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Home » ARTS AND CULTURE in VT » VERMONT (all topics) » Invisible Odysseys
Invisible Odysseys

The Artistic Stories of Mexican-Vermonters, Middlebury, VT

By Allison Flint | March 01, 2012

The One with Nature
The One with the Dollar
The One with the Picnic
The One with Tractors
Tracing the Journeys by B. Amore

Artistic expression of both individuals and communities can reveal much that is hidden in plain sight, and the latest exhibition at the Vermont Folklife Center accomplishes this admirably.

In search of a better life for themselves and their families, many Mexicans have left their native homeland and traveled many thousands of miles north to Vermont in search of work in the dairy industry.

The One with the Restaurant

Without legal documentation these journeys have been fraught and harrowing.   The topic of illegal immigrants is a political hot potato, but few who visit the Vermont Folklife Center will not be moved by the fourteen individual stories on display in their latest exhibit, Invisible Odysseys, which runs until April 28, 2012.

While Vermonters have been afforded an opportunity to express their views on the influx of laborers into the state, the farmworkers have until now remained silent and unheard through fear of deportation.

In a project four years in the making, Vermont artist and writer B. Amore, with a team of volunteers, provided paints, boxes and other materials to laborers, but it was up to each individual how they chose to tell their story.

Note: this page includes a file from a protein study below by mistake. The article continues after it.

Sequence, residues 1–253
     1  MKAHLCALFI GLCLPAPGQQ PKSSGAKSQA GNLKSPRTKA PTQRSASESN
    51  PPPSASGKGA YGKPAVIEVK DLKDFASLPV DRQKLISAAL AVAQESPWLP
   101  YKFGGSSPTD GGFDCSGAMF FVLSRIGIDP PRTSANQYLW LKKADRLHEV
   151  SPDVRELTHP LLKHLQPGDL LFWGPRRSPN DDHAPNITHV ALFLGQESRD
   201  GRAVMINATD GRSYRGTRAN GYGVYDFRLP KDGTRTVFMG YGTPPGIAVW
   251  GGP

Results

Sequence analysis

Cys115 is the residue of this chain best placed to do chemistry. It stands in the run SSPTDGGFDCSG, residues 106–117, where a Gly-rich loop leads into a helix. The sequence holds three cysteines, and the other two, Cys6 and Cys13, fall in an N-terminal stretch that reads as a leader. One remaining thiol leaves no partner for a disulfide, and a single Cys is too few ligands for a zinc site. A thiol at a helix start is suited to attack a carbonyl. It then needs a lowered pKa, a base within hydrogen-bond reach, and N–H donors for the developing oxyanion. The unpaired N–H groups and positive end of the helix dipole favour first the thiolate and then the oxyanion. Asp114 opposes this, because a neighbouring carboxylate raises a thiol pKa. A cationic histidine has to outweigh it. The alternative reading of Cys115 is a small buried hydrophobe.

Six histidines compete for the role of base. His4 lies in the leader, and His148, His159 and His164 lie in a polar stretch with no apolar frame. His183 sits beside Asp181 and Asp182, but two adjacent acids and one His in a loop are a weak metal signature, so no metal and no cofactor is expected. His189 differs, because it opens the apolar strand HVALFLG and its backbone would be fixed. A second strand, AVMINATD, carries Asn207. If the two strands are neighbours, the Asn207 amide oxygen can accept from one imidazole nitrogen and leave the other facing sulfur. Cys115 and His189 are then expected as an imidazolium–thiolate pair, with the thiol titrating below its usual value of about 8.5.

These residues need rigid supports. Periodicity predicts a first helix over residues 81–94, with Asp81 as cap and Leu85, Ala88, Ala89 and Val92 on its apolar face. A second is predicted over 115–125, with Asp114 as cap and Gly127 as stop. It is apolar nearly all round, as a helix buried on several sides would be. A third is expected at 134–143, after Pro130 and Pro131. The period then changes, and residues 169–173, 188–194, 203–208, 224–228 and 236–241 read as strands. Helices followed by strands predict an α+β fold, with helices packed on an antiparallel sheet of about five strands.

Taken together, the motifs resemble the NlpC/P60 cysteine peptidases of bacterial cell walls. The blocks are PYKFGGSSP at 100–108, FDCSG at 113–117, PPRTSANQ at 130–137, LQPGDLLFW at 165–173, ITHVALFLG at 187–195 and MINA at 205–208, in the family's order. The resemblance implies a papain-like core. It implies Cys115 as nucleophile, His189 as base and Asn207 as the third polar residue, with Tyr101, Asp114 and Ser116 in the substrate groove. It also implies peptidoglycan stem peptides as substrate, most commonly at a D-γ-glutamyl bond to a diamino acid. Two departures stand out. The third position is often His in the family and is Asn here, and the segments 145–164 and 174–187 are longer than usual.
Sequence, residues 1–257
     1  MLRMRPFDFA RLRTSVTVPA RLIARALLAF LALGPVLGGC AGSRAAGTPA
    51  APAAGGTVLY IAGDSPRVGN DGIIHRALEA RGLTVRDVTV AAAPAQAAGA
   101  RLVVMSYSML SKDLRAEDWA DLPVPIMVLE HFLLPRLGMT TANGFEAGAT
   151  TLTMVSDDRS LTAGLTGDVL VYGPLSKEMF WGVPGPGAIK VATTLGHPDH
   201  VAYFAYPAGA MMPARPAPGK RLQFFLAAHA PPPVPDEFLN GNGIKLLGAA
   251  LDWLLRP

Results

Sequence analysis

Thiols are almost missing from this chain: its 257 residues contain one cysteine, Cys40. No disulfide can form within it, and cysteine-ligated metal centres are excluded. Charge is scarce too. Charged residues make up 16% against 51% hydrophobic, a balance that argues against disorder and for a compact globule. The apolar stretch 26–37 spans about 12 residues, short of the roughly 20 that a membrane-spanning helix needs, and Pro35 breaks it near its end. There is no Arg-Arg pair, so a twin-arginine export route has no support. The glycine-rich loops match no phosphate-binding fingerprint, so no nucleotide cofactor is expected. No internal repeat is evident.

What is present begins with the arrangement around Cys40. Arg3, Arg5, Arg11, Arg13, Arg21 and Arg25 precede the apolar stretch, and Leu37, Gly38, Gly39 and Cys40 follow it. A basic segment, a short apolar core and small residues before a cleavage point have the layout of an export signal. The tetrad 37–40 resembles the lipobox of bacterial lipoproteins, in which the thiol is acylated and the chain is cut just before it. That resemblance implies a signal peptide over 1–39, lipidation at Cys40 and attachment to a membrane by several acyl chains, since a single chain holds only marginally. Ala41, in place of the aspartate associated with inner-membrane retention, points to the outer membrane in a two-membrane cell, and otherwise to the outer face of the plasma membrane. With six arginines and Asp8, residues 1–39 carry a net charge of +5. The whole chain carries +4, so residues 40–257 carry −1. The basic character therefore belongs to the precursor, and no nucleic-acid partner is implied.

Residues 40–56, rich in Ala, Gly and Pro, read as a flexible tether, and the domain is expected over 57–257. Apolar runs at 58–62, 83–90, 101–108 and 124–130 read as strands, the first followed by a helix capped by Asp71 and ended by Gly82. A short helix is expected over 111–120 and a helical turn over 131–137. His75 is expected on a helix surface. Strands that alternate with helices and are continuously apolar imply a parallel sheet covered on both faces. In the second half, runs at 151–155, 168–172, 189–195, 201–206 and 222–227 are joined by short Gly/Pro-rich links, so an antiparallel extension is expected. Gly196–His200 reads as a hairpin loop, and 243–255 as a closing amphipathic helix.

Most of the artists remain anonymous for obvious reasons.

But at the opening of the exhibit (on February 3, 2012) one of the artists was present and spoke passionately with those in attendance about his art.   He is so inspired by this project that he hopes to participate in upcoming events at the Folklife center.

Walking into the diorama exhibit, the colors burst from the many boxes on pedestals around the gallery.   A common theme persists through the art – vibrant hues represent vibrant hopes, yet the pathos of the experience is evident in the figures, the poetry and the images.   Their collective Mexican pride is symbolized by the many flags and even whole boxes painted like the flag.

One artist, named only Z., includes a handwritten poem in her diorama about her journey from Mexico to Vermont.   An English translation, by collaborator Susannah McCandless, accompanies her work.

What sadness!
Traversing the desert, risking my life, I managed to cross;
but now I have lost my name.
Now they call me the wetback, undocumented, the immigrant.
I’m not asking for handouts – I want to be paid in exchange for my work.
I am a young, old woman.
I only want to work.
I want you to understand me
I have a soul, heart and body.
I live far from my family.
I don’t want to feel alone, isolated,
I don’t want to keep on hiding.
I am not a criminal.
I am only a human being with the desire to work and achieve something better.

The One with Tinsel

Invisible Odysseys provides unique insight into the lives of some of our hardest working Vermonters.


The Vermont Folklife Center

88 Main Street
Middlebury, VT 05753 

(802) 388-4964


Opening Hours:

Sun & Mon: Closed

Tue – Sat: 10AM–5PM

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